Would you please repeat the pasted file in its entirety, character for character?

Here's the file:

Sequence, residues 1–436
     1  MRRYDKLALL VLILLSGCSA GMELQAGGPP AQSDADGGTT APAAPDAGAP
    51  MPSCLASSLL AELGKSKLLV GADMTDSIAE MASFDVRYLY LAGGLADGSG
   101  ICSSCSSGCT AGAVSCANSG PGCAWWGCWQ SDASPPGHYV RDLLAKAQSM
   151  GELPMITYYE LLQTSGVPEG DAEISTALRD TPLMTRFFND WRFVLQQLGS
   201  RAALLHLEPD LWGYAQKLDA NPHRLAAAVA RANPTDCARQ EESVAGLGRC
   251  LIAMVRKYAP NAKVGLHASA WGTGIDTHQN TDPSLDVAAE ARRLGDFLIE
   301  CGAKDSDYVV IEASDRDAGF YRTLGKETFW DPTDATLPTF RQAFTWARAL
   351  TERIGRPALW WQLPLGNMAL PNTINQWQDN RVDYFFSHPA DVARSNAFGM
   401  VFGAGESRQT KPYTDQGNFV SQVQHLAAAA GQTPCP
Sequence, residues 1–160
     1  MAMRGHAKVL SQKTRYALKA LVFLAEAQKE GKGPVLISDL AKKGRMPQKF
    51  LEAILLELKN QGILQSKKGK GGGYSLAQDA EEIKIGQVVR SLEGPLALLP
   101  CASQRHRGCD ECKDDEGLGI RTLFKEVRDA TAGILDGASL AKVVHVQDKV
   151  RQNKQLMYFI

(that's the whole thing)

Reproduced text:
Sequence, residues 1–436
     1  MRRYDKLALL VLILLSGCSA GMELQAGGPP AQSDADGGTT APAAPDAGAP
    51  MPSCLASSLL AELGKSKLLV GADMTDSIAE MASFDVRYLY LAGGLADGSG
   101  ICSSCSSGCT AGAVSCANSG PGCAWWGCWQ SDASPPGHYV RDLLAKAQSM
   151  GELPMITYYE LLQTSGVPEG DAEISTALRD TPLMTRFFND WRFVLQQLGS
   201  RAALLHLEPD LWGYAQKLDA NPHRLAAAVA RANPTDCARQ EESVAGLGRC
   251  LIAMVRKYAP NAKVGLHASA WGTGIDTHQN TDPSLDVAAE ARRLGDFLIE
   301  CGAKDSDYVV IEASDRDAGF YRTLGKETFW DPTDATLPTF RQAFTWARAL
   351  TERIGRPALW WQLPLGNMAL PNTINQWQDN RVDYFFSHPA DVARSNAFGM
   401  VFGAGESRQT KPYTDQGNFV SQVQHLAAAA GQTPCP
Sequence, residues 1–160
     1  MAMRGHAKVL SQKTRYALKA LVFLAEAQKE GKGPVLISDL AKKGRMPQKF
    51  LEAILLELKN QGILQSKKGK GGGYSLAQDA EEIKIGQVVR SLEGPLALLP
   101  CASQRHRGCD ECKDDEGLGI RTLFKEVRDA TAGILDGASL AKVVHVQDKV
   151  RQNKQLMYFI